Salas was her usual solid and reliable self. She had a putt at the 18th to join the 12-under brigade and the crowd looked as disappointed as she did when the ball slipped by. As for Nelly Korda, the world No 1, she was probably too mentally weary after all her recent heroics to give of her best. She finished on 6-under par, with fellow American Lexi Thompson on 5-under par.
The championship was as much of a triumph for the R&A as was the Open at Royal St George’s. Mind you, it was as well the women’s bubble that allowed them to play Carnoustie in the time-honoured fashion in a week when Bubble No 2 inmates, in trying to get from A to B, were being asked early on to do the equivalent of playing the 18th hole via the town centre.
Away from the ever-changing happenings on the leaderboard, two items of news stood out. The first concerned the increase in the prize fund, with the total up by $1.3 million to $5.8 million, and the winner’s spoils to a handsome $870,000. Martin Slumbers, the R&A’s chief executive, said that this was not a race vis-à-vis the other majors. Yet there cannot but be an element of that, just as there was when Augusta National announced in 2012 that they were about to take their first women members without giving a hint of what was to come to other all-male establishments such as the R&A and Muirfield.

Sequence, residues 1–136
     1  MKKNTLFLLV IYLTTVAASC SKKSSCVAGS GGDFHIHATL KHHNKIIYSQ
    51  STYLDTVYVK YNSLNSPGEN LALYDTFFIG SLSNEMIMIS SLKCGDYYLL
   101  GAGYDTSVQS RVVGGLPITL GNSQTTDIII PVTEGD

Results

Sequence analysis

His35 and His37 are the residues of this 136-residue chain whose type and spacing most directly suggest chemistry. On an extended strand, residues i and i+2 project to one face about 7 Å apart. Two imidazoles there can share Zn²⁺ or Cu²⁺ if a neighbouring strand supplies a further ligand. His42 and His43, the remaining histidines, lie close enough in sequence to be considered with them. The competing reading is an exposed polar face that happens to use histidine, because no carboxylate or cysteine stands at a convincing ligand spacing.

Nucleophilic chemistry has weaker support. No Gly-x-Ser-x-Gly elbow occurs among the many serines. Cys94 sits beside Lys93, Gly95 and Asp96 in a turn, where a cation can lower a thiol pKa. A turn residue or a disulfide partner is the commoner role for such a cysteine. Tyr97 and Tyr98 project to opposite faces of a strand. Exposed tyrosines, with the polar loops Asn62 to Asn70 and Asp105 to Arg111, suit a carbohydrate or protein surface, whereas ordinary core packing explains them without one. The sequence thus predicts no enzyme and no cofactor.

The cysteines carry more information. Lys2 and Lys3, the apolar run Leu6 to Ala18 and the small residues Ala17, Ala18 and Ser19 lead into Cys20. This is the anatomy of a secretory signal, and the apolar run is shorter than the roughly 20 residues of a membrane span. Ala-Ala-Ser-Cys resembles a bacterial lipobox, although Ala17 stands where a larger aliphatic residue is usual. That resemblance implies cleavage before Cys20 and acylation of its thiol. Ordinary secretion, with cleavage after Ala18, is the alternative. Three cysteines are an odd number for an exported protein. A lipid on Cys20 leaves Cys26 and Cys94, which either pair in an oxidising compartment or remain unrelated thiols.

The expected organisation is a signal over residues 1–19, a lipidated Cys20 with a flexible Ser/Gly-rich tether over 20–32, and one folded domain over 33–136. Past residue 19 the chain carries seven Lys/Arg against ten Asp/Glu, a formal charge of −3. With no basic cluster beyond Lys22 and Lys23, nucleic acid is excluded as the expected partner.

Laura Davies, when getting word of the swelling prize fund, reacted precisely as you would have expected. She grinned, hugely, before adding, “Just a pity it didn’t happen 35 years ago.” This, of course, was a reference to how she had collected a mere £9,000 for winning the title in 1986.
No less of a move in the right direction was the news – it in fact came out in 2014 without making the splash it deserved – that Carnoustie boasts something just as precious as the toughest links on the Open Championship rota. Namely, a five-hole course which the locals can play free of charge.
Top: Anna Nordqvist